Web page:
Christmas is supposed to be an event for the “PACE Christians”—those who attend church for “Palms, Ashes, Christmas, and Easter.” But I learned from John Derbyshire, a columnist at National Review, that he always preferred to attend in midsummer, when half the congregation was away on vacation. In a recent column, he said he had given up on his mild Anglicanism a couple of years ago, and so has now given up on summer church attendance, too. An honest man: He defines a Christian minimally as someone who believes “that Jesus of Nazareth was divine, or part-divine, and that the Resurrection was a real event.” (How Anglican!) He can’t believe that, and so he is gone.
I have had rather the opposite experience over the years, starting from adolescent atheism, then acquiring a couple of core beliefs in my early 20s. Yes, Jesus is divine—I believe I actually met Him on the Hungerford Bridge in London on Thursday, April 15, 1976. And yes, it would follow that the Resurrection happened. From there I’ve spread gradually through the rest of the Credo, which I now believe in English and Latin. I passed first in then out of the Anglican Church, arriving figuratively in Rome, by the end of 2003. The reader may allege I am a slow learner. I reply that learning disabilities are endemic to the human race.
“Ask and it will be answered.” This, to my mind, is the hinge of faith. My religious experience—classically Protestant, though only on first view—came in the moment I asked seriously.
Under a growing philosophical suspicion that my disbelief in God was unsustainable—that it didn’t make rational sense in the face of a rational universe—I had become a mild deist. I had also read the Bible, with some attention, because it was literature, and I fancied myself a poet. The more attention I paid, the more I grasped the scale of the claims this Jesus was making. He was either God or a madman. He didn’t leave room for polite third options. “Therefore be perfect.”
In a glib and superficial way, I formulated the question in my head, “So, Jesus, if you really exist, why don’t you just show yourself to me?” It was a question that occurred to me many times, over months when I was still trying to assimilate my own defection from atheism to mild deism. At first, the question seemed to answer itself: “Of course Jesus isn’t going to show Himself to me.”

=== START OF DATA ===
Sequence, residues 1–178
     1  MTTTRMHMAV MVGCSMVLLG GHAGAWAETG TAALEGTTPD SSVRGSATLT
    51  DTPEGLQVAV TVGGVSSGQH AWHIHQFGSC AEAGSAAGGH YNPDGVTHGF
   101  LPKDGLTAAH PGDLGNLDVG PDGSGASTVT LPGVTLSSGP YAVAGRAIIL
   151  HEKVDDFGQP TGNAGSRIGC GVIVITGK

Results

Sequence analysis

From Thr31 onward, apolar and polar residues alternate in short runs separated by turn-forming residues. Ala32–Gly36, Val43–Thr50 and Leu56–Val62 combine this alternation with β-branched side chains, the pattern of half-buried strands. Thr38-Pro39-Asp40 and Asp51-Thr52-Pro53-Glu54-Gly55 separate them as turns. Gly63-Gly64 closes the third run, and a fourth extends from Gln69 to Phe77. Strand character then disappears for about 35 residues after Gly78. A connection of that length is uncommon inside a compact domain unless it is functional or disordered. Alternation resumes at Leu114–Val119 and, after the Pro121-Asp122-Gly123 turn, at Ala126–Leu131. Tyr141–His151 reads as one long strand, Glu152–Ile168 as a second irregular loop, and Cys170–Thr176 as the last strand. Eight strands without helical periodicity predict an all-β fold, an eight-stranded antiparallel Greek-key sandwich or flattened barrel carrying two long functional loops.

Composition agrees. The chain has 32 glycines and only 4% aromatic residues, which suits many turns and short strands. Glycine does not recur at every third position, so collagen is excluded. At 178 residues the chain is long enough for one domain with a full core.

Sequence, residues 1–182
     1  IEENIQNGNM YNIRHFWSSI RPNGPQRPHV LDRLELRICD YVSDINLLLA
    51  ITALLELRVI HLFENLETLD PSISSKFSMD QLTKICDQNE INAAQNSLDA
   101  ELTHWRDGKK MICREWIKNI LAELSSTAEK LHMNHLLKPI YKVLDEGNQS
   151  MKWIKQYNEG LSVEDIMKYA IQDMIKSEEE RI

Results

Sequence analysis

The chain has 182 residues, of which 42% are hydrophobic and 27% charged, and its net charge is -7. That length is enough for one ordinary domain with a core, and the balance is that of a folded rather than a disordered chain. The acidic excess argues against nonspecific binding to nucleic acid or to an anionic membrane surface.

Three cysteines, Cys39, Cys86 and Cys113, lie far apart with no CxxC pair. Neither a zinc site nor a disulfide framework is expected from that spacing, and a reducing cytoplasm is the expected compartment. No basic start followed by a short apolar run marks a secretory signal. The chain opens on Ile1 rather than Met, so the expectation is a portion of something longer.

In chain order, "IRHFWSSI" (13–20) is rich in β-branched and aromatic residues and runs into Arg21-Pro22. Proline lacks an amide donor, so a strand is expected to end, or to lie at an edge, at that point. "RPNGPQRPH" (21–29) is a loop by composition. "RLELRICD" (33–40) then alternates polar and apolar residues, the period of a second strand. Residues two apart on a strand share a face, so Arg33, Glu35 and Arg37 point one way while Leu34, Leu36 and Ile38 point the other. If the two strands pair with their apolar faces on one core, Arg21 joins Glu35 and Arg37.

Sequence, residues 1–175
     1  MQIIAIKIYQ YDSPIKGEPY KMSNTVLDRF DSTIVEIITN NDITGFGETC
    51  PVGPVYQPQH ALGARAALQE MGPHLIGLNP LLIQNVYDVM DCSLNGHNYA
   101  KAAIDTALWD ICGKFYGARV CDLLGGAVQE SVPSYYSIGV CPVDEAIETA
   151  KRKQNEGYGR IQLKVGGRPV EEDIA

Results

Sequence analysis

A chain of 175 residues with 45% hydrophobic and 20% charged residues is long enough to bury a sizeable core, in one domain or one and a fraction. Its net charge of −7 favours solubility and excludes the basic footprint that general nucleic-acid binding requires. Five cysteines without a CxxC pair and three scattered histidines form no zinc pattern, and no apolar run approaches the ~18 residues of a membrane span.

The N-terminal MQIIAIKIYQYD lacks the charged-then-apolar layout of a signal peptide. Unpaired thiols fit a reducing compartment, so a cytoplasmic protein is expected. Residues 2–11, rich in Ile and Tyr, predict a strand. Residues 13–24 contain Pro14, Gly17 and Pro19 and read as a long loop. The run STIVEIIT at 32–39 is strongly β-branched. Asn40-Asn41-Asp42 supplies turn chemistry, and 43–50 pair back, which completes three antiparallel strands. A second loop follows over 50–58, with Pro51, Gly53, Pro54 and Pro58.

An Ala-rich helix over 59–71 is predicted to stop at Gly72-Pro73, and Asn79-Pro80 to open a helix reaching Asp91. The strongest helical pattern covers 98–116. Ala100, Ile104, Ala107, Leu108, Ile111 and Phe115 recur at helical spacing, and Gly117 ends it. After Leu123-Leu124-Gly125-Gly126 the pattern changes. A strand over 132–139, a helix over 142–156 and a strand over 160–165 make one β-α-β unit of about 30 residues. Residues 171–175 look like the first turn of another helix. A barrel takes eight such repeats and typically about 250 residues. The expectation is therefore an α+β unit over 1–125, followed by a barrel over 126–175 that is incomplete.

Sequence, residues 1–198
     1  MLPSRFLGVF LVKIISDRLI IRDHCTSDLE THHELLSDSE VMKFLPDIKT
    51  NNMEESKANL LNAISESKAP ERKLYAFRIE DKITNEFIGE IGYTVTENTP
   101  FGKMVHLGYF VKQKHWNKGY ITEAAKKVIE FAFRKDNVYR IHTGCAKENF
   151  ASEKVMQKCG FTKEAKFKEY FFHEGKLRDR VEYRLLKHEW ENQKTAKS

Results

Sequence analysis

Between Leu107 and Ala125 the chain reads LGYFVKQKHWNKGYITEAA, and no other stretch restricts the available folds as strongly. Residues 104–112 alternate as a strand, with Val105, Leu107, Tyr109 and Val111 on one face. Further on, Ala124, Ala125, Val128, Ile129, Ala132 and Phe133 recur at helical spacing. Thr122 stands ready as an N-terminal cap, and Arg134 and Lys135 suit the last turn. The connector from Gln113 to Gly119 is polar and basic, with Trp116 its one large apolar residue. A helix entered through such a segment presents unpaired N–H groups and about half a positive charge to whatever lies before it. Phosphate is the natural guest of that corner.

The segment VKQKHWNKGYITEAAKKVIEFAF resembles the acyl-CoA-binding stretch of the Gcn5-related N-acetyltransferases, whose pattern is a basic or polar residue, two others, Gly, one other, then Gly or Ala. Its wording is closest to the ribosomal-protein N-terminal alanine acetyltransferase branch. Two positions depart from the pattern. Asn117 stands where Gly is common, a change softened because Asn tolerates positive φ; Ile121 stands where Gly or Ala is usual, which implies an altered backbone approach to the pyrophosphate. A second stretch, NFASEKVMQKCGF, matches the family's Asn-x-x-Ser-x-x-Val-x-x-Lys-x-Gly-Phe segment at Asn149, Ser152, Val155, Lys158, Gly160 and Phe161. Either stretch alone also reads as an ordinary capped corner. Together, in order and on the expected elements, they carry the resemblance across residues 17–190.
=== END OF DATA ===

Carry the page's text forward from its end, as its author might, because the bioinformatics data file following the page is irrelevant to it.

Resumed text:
As I vividly recall, I was walking along the south embankment of the Thames, thinking about this question. It had suddenly become crucially important to me whether the gospel was real or just “myth and poetry,” there being no polite third options. I reformulated the question something like this: “Jesus, I have to know the answer. I cannot be satisfied with philosophical speculations, or the authority of any church. If you are there, you must show me!”
Immediately upon asking this question—not in a glib and superficial way, but with all the sincerity I could summon—I became bathed in the light of some presence that seemed to exude Love infinitely. I was turning up the stairs onto the pedestrian walkway of that Hungerford Bridge. As I rose up the stairs, this presence spoke—I know not how. And Christ said, “I will cross this bridge with you.”
He left as I came to the north bank, and I briefly glimpsed another figure, standing in the air. “That will be the Holy Spirit,” I can recall explaining to myself. “I know that, because it has always been there. I remember it from my earliest childhood.”
The Nativity of Christ comes as a surprise, except in retrospect. Christ is born in one, as if one were a child.